Manage Your Stormwater
Controlling stormwater is an important factor in addressing climate change, water quality and quantity in our watershed. This is often addressed using stormwater ponds, low impact development practices and stabilizing streams.
In the 1980's, stormwater ponds were designed for flood control. They hold and slowly release water back into the creek system. Retrofitting a stormwater pond will redesign the system to address water quality too and can also improve the quantity controls.
The strength of low impact development is that it mimics the natural hydrologic cycle, moving water into the ground the way it did before houses, or parking lots were built. We encourage new builds, old builds, and everything in between to evaluate the use of low impact development techniques.
Stabilizing streambanks will help limit the loss of land using natural channel restoration approaches. Streambank protection and plantings along the edge of a creek keeps the soil intact, improves water quality, slows water velocity, reduces erosion and the buffer allows water to infiltrate into the ground instead of running directly into a stream.
We have funds available to help you
- Reduce erosion along your streambank naturally and securely
- Help reduce the risk of flooding
- Encourage water to infiltrate – improving water quality
Retrofitting Stormwater Ponds
To reduce the impact of stormwater runoff from urban areas by retrofitting existing stormwater management facilities. Addressing stormwater contributes to protect and/or improve the water quality and quantity of Lake Simcoe and its tributaries.
Implementing Low Impact Development
To promote better
stormwater management using sustainable low impact
development practices which can be applied to development and/or retrofits.
Addressing stormwater helps to maintain
and/or improve the water quality and quantity within the Lake Simcoe watershed.
To limit the loss of
land by stabilizing your banks using natural channel restoration approaches. Streambank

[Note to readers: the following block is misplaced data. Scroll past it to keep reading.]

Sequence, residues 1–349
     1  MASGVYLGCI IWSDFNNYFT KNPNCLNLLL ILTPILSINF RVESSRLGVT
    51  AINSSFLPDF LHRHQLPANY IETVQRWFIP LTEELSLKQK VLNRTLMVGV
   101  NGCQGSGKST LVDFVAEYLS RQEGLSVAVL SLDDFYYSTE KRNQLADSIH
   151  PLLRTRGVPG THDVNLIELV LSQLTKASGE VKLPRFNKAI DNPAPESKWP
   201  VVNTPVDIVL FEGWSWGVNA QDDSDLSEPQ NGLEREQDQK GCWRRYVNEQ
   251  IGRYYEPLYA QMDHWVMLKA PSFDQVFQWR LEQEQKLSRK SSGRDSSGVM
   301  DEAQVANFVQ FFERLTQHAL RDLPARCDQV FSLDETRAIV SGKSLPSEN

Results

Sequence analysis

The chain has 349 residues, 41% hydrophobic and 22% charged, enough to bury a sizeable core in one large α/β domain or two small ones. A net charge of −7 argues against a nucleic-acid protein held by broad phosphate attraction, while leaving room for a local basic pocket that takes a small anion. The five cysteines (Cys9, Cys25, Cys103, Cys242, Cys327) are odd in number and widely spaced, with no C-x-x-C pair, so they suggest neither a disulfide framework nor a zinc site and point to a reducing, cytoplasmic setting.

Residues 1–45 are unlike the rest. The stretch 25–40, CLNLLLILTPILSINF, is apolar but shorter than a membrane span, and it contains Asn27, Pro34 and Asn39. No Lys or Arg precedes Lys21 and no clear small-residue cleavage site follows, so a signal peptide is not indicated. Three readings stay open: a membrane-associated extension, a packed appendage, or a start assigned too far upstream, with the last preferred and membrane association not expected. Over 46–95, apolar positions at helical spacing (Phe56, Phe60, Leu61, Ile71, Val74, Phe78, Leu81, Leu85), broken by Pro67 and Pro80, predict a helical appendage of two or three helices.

protection and plantings along the edge of a creek keeps the soil intact,
improves water quality, slows water velocity, reduces erosion and the buffer
allows water to infiltrate into the ground instead of running directly into a
How to Apply
Complete the Landowner Information Form and the Project Profile Form to submit an application.
Be prepared to submit the following with your application:
- Completed and submitted a Landowner Information Form
- Project site plan
- Two cost quotations from qualified contractors
- Lake Simcoe Region Conservation Authority permit (if required)
Only complete applications will be considered for funding assistance.
Please contact the Manager of Restoration Services Christa Sharp to verify program eligibility and to answer any questions/concerns you may have about the program and/or the application process. This is a voluntary program and all calls are confidential.
How can you get started?
The process is simple. Identify a project that will improve your productivity and protect your land. Contact our restoration experts to book a free, confidential site visit to review your project and begin the application process.
Not sure what projects can support your business? Our Restoration Staff can visit your property to help you identify opportunities.